More than 65 years ago, New York City began providing affordable healthcare to its workforce through free clinics for members of the city's health plan. It was an idea ahead of its time -- and now is the moment to bring it back.
Right now, the city spends $6.3 billion each year on health insurance for 300,000 city employees, their families, and almost 200,000 retirees. In five years, that amount is expected to increase by 30 percent to $8.3 billion. Unchecked, this trend will ultimately bankrupt us. With this much at stake, it's imperative that the city and its workers reduce costs.
One proven way to do this: worksite health care clinics that provide workers and their families with primary care like routine check-ups, basic lab tests, prescriptions, vaccines, and chronic disease management. Nationally, today, almost one-third of large employers offer clinics at or near their worksites. Here in New York, private-sector organizations like the Freelancers Union and the New York Hotel & Motel Trades Council have rolled out large-scale primary care clinics for their members, with promising results.
Clinics like these save money in many ways. Salaried doctors order fewer expensive tests. People with chronic conditions like diabetes can easily schedule appointments to better manage their disease. Access to convenient clinics reduces absenteeism and increases productivity. And regular check-ups increase participation in wellness routines like better diet, exercise, and smoking cessation.
The savings are substantial. Research shows that on-site or conveniently accessible clinics can save $1.60 to $4 for every dollar invested. Private employers with on-site clinics report savings of 4 percent to 12 percent on their healthcare costs. Local governments across the country have reported direct healthcare plan savings of as high as 18 percent from a clinic initiative.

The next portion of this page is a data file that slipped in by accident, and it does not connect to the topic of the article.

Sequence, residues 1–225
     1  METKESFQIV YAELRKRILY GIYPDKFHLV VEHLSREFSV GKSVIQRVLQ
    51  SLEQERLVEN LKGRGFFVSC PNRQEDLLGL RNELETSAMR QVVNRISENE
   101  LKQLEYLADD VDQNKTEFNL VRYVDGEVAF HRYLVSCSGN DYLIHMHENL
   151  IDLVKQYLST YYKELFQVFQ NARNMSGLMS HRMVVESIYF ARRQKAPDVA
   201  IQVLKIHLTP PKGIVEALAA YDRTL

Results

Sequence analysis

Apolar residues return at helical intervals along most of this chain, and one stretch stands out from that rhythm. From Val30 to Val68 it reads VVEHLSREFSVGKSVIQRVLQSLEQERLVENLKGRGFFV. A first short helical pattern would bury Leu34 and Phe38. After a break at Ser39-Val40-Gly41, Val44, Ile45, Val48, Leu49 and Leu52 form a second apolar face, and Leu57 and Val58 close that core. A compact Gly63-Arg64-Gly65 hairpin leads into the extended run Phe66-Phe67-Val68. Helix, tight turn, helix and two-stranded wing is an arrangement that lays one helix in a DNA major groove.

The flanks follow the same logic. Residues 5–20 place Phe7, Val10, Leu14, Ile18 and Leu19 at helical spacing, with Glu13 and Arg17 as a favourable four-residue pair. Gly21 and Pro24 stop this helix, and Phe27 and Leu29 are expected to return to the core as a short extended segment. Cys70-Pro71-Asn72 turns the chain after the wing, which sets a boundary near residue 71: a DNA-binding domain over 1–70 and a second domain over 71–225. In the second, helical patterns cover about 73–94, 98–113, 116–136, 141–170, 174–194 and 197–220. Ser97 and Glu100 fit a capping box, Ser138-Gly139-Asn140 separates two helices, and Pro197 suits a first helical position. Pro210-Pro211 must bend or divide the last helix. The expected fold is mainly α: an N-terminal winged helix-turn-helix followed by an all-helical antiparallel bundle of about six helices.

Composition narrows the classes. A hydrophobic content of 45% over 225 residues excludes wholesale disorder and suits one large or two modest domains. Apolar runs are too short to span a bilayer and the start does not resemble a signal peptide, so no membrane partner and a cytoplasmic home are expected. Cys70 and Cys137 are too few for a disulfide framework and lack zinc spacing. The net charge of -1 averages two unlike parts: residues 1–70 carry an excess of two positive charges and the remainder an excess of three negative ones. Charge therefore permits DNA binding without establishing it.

At the low end, 4 percent savings would add up to $150 million per year of direct healthcare costs at full implementation, in addition to the "soft savings" associated with fewer sick days taken and better productivity from a healthier workforce.
I am proposing the creation of up to 20 high-quality, user-friendly clinics to service the City's large and diverse workforce. These clinics would be located at or near municipal workplaces. We have the expertise: New York City is already a large-scale healthcare provider, providing care to more than one million New Yorkers each year through hospitals, treatment centers, and school-based clinics.
The city can encourage its workers to use these low-cost clinics by making them convenient and accessible, offering a wide array of services for no co-pay, or allowing workers to visit without using sick-leave time.
The first health plans offered to city employees -- pioneered by Mayor LaGuardia almost 70 years ago -- were based on a similar model of clinic-based primary care. Over the decades, the clinics fell into disrepair and out of favor -- dismissed as second-class care. But in 2013, consumers are welcoming friendly, modern clinics as a convenient place to get primary care.
The responsible way to manage health costs is to find new ways to get more for each health care dollar -- seeking better and more convenient care. Our City's fiscal health, and the health of our workforce and their families, hangs in the balance.